When Scammers Get Personal

Several months ago, I found myself the unfortunate recipient of a fraudulent transaction. Bottom line? I got scammed. After a visit to my local library, my computer gave me error messages, which were purely meant to scare non-tech-savvy people like yours truly. It worked.

 

I called the number on my screen and spoke with a tech from India, who convinced me that someone in Russia had hacked into my computer. My computer was vulnerable, he said. It had become compromised, he said. And he had just the solution. He and his trusty band of techs at Globe Technotonics would remove the offending virus, protect my operating system and my computer would be safe from all nasty invaders. All I had to do was fork over money, which I did, because assaulting the computer of a writer is like lopping off the right hand of a pianist or the feet of a figure skater. Not pretty.

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A few months into this shady arrangement, I discovered I’d been duped. My computer started giving me weird messages until finally it demanded a password that I never created. It was a password the scammers had installed simply to extort more of my hard-earned money.

 

This time I went to Geek Squad and was told that my operating system was corrupted. When they used the word ‘corrupted’, I’m pretty sure my heart stopped beating momentarily. My brain grew foggy. The Geek Squad Tech kept talking but I couldn’t hear a word he was saying. I interrupted him.

 

“Will you be able to save all my documents and pictures?”

 

They would try, he said.

 

I had already been praying about this hostage situation for weeks. Now I enlisted the help of friends and asked for their prayers. My parent’s 50th wedding anniversary pictures were on this computer. Videos I had taken of my family, including my Dad, were on this computer. My book is on this computer. These things are irreplaceable.

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Well-intentioned friends reminded me of the obvious – back everything up. We all know to do this, right? It goes without saying, yet some of us just haven’t gotten around to it. It’s on our ‘To Do’ list. We need to buy an external drive. We’re researching our options. We’re just too busy. Until one day we turn on our computer and we’re staring at a black screen.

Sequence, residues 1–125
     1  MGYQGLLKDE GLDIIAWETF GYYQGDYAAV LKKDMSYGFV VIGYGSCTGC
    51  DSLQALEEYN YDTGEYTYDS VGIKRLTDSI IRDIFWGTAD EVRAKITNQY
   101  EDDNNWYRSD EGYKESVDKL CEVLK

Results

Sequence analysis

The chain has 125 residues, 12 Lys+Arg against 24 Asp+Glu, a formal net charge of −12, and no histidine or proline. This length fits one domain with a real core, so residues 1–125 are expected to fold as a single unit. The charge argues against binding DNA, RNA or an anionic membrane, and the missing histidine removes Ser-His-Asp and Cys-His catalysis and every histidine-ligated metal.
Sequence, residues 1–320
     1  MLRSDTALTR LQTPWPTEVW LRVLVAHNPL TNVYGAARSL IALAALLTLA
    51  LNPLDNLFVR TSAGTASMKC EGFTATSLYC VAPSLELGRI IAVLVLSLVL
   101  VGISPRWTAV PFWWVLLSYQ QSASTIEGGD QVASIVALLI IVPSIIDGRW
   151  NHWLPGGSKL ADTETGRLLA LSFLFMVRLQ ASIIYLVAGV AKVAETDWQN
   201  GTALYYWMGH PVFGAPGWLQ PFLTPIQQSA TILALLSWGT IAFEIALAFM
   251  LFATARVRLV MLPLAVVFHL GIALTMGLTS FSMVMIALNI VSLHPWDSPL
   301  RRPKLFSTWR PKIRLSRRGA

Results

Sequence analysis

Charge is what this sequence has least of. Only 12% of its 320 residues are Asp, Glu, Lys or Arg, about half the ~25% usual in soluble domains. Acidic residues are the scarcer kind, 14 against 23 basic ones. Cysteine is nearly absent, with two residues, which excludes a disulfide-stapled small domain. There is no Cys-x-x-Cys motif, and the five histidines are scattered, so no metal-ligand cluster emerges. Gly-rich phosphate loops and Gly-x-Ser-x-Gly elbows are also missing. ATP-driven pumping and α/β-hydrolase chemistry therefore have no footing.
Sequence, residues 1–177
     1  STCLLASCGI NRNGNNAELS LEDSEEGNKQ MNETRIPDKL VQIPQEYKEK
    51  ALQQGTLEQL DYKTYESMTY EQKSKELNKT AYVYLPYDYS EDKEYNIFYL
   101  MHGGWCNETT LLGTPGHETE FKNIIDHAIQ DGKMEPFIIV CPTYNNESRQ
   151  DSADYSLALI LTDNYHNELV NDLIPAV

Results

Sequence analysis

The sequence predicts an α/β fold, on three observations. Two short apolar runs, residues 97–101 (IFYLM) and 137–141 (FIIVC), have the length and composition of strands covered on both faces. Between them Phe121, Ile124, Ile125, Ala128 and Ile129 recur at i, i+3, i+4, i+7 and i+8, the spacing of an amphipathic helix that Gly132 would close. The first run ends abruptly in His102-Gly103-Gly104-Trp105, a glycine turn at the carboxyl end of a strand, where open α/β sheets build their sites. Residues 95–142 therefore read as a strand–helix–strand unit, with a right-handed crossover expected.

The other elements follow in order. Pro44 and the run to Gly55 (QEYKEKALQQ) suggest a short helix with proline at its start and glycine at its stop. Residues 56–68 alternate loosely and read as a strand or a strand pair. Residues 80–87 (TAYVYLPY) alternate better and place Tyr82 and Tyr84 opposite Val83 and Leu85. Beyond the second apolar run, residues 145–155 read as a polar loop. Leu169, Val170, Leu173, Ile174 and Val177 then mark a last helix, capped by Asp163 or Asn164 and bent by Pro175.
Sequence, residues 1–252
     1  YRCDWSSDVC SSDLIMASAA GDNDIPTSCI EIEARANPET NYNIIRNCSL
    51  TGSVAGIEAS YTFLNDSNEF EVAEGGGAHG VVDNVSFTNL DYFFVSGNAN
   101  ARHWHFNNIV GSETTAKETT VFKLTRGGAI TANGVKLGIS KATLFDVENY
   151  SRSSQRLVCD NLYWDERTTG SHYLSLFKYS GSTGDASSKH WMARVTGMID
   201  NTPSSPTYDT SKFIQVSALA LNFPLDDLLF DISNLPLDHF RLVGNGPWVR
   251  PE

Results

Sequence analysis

Then I started thinking. Wouldn’t it be wonderful if there was such as a thing as a cerebral memory back up? All the memories of a person’s life could be downloaded and kept safe for the future in case something happens to the person such as Alzheimer’s or a brain injury.

 

The bottom line is we don’t know what tomorrow holds. My trusty band of foreign scammers gave me no warning that they were holding my computer hostage. They just showed up and took over. Alzheimer’s doesn’t give you a warning either. You don’t receive a message that says your mom has about three more years before she’s going to start forgetting important things. It just shows up. Sometimes gradually, sometimes not so gradually.

 

And once it does happen, your world is spinning in a different direction. Preserving your loved one’s memories takes a back seat to doctor’s appointments, family meetings, getting a diagnosis and researching care options. Then when you’re finally ready to record those memories, the disease has progressed so that the details are now fuzzy and you’re wondering if what you’re preserving is fact or fiction.

 

So what should we do? Back everything up.

 

Talk to family members and write down stories that have been passed down for generations. Become a student of your family tree. Look through old pictures, letters and keepsakes to learn the story behind each one.

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A great tool to use is ‘Conversations with my Father ~ A Keepsake Journal for Celebrating a Lifetime of Stories’ and ‘Conversations with my Mother ~ A Keepsake Journal for Celebrating a Lifetime of Stories’ by Lark.

 

Make it a fun family night and go through a few pages of each book at a time. When their answers give way to stories, record them or write them down. Video your parents sharing about their days in school or what life was like when you were young. When you record your loved one sharing a story, you’re recording a piece of them.

 

A couple of days after I dropped off my computer, I learned that all of my pictures, videos and documents had been saved. Part of me wanted to break out in my happy dance. But I felt more like crying tears of relief.

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